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J Clin Invest. 2010 May;120(5):1627-35. doi: 10.1172/JCI40145. Epub 2010 Apr 12.

The Na+-dependent chloride-bicarbonate exchanger SLC4A8 mediates an electroneutral Na+ reabsorption process in the renal cortical collecting ducts of mice.

Author information

1
Centre de recherche des Cordeliers, Université Pierre et Marie Curie, ERL CNRS 7226, INSERM UMRS 872 Equipe 3, Paris, France.

Erratum in

  • J Clin Invest. 2011 Apr 1;121(4):1668. Hatim, Hassan [corrected to Hassan, Hatim].

Abstract

Regulation of sodium balance is a critical factor in the maintenance of euvolemia, and dysregulation of renal sodium excretion results in disorders of altered intravascular volume, such as hypertension. The amiloride-sensitive epithelial sodium channel (ENaC) is thought to be the only mechanism for sodium transport in the cortical collecting duct (CCD) of the kidney. However, it has been found that much of the sodium absorption in the CCD is actually amiloride insensitive and sensitive to thiazide diuretics, which also block the Na-Cl cotransporter (NCC) located in the distal convoluted tubule. In this study, we have demonstrated the presence of electroneutral, amiloride-resistant, thiazide-sensitive, transepithelial NaCl absorption in mouse CCDs, which persists even with genetic disruption of ENaC. Furthermore, hydrochlorothiazide (HCTZ) increased excretion of Na+ and Cl- in mice devoid of the thiazide target NCC, suggesting that an additional mechanism might account for this effect. Studies on isolated CCDs suggested that the parallel action of the Na+-driven Cl-/HCO3- exchanger (NDCBE/SLC4A8) and the Na+-independent Cl-/HCO3- exchanger (pendrin/SLC26A4) accounted for the electroneutral thiazide-sensitive sodium transport. Furthermore, genetic ablation of SLC4A8 abolished thiazide-sensitive NaCl transport in the CCD. These studies establish what we believe to be a novel role for NDCBE in mediating substantial Na+ reabsorption in the CCD and suggest a role for this transporter in the regulation of fluid homeostasis in mice.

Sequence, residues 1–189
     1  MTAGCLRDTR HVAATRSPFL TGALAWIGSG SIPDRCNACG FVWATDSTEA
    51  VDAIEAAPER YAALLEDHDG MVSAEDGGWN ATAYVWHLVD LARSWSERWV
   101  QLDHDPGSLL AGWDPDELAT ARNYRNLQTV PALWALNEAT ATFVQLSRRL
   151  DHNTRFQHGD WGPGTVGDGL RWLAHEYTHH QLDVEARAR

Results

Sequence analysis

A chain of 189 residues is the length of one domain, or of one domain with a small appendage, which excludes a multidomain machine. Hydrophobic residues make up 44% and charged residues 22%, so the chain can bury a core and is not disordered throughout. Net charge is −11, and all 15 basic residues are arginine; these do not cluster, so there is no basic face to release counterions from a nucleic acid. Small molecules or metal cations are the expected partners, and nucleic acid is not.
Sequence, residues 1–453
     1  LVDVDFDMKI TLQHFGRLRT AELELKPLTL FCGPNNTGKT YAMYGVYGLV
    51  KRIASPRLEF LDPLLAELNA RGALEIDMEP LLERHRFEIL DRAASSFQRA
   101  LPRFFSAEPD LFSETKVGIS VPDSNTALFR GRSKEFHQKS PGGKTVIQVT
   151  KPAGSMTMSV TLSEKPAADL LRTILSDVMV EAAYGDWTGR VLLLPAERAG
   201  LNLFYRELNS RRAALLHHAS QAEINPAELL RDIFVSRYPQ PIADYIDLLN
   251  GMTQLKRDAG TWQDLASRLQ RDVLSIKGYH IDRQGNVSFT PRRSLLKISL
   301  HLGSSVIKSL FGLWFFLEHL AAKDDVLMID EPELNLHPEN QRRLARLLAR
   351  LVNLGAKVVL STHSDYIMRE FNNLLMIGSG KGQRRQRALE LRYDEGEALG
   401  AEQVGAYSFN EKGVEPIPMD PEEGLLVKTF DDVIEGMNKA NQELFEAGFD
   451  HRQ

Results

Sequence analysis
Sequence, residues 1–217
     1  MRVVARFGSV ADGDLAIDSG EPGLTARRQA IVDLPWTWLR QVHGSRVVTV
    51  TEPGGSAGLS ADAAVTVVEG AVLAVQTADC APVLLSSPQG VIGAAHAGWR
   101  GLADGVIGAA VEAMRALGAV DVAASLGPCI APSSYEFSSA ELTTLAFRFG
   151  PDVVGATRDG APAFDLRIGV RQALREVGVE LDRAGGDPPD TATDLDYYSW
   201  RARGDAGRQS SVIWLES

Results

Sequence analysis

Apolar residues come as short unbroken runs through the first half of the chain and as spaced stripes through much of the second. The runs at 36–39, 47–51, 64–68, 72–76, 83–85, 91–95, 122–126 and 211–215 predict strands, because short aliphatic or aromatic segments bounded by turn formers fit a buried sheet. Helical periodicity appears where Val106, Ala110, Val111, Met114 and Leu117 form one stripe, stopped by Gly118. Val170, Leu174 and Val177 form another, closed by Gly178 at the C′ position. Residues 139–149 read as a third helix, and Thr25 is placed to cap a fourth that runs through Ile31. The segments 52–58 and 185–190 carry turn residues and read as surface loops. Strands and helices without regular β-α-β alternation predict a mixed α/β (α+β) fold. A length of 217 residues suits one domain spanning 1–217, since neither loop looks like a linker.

PMID:
20389022
PMCID:
PMC2860930
DOI:
10.1172/JCI40145
[Indexed for MEDLINE]
Free PMC Article

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